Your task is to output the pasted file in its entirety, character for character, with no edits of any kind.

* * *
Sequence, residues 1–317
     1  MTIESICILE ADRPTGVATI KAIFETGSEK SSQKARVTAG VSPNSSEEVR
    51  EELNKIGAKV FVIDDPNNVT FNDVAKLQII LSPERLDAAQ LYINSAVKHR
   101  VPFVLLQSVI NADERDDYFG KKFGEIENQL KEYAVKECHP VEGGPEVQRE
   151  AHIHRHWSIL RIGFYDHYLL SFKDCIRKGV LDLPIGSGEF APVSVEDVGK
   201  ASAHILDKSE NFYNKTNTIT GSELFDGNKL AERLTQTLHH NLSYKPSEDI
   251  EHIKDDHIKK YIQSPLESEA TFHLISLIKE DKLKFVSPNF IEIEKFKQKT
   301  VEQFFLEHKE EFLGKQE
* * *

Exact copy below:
Sequence, residues 1–317
     1  MTIESICILE ADRPTGVATI KAIFETGSEK SSQKARVTAG VSPNSSEEVR
    51  EELNKIGAKV FVIDDPNNVT FNDVAKLQII LSPERLDAAQ LYINSAVKHR
   101  VPFVLLQSVI NADERDDYFG KKFGEIENQL KEYAVKECHP VEGGPEVQRE
   151  AHIHRHWSIL RIGFYDHYLL SFKDCIRKGV LDLPIGSGEF APVSVEDVGK
   201  ASAHILDKSE NFYNKTNTIT GSELFDGNKL AERLTQTLHH NLSYKPSEDI
   251  EHIKDDHIKK YIQSPLESEA TFHLISLIKE DKLKFVSPNF IEIEKFKQKT
   301  VEQFFLEHKE EFLGKQE